If you think government agencies are nothing more than groups of bureaucratic layabouts, think again! The Washington Department of Fish and Wildlife has been busy recently dealing with very important matters affecting the Northwest’s outdoor enthusiasts. Here are just a few of the goings-on from a recent WDFW 4 meeting:
Wildlife damage response
After a year of working with citizen groups and landowners, the WDFW has adopted new rules addressing property and livestock damage caused by local wildlife. Some of the changes include dropping a $500 deductible on small claims, reducing the minimum amount for livestock claims to $500, and dropping the requirement that hunting be used as a way to deal with livestock depredation problems. The new rules will be posted on the WDFW website.
WDFW land acquisition
Aiming to protect fish and wildlife and improve public recreational opportunities, the WDFW recently acquired four pieces of land. They are: 99-acres of upland habitat in Grays Harbor County; 748 acres of shrub-steppe habitat in Okanogan County; two acres on Leque Island in Snohomish County; and a 448-acre conservation easement along the Yakima River in Kittitas County. Hooray for more fish, birds and wildlife!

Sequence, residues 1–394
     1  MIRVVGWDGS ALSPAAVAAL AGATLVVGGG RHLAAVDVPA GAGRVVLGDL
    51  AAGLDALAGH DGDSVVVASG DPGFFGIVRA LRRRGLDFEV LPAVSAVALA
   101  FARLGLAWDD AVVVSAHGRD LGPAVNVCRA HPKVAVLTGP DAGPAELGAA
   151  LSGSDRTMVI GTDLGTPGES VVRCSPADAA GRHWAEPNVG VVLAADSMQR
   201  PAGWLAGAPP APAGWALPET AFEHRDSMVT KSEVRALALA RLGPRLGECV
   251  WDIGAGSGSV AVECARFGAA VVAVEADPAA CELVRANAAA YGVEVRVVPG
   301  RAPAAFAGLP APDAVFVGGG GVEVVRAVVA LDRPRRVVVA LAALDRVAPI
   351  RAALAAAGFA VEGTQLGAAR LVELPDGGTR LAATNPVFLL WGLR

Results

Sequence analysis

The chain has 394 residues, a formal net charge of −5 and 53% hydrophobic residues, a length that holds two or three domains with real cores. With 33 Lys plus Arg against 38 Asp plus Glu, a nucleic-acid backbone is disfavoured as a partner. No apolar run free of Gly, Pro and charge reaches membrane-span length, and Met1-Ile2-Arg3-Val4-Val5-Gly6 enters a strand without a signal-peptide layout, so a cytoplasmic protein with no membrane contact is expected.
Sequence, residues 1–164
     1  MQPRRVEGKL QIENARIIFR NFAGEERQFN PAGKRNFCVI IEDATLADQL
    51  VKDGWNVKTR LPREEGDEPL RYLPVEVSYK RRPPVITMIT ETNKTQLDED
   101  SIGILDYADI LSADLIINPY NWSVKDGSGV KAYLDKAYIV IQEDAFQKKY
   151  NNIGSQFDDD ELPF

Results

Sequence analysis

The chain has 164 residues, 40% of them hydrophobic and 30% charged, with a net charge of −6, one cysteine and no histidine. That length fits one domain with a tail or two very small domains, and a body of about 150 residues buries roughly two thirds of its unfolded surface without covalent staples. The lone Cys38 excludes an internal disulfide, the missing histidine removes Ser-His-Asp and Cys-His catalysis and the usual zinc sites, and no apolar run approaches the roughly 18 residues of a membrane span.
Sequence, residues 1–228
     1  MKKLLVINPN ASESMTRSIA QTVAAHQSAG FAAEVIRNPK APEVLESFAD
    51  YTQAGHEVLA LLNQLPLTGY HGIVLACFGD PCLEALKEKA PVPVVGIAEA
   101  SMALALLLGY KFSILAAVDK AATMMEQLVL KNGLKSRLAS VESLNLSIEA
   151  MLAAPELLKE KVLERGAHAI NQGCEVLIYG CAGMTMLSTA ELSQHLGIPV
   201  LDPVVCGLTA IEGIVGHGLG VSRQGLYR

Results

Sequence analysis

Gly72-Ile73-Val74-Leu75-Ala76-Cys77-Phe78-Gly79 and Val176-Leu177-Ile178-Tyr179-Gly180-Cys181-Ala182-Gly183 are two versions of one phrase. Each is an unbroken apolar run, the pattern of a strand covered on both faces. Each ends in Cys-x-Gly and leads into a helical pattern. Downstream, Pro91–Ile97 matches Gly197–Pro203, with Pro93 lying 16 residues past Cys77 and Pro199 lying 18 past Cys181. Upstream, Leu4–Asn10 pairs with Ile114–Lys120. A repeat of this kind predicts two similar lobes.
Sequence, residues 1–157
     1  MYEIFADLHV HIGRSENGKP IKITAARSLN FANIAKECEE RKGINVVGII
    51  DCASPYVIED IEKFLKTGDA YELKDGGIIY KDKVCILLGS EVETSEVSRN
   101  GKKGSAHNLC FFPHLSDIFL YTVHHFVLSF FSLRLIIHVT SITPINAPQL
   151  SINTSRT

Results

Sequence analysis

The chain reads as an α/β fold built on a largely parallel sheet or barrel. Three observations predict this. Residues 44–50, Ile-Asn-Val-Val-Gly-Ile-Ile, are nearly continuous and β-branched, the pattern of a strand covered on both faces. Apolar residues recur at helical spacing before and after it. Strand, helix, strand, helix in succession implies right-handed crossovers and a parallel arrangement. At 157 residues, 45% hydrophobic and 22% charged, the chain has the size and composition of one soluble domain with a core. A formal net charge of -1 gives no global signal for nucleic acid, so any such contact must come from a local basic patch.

The WDFW also heard briefings and public comments on three other issues: proposed amendments to falconry rules; proposed prohibition of lead shot on two properties in Grays Harbor County; and a proposal to repeal game reserve status for the Bayview Game Reserve in Skagit County.
How will these changes and proposals affect Washington outdoor enthusiasts? Stay tuned to the Coast blog to find out!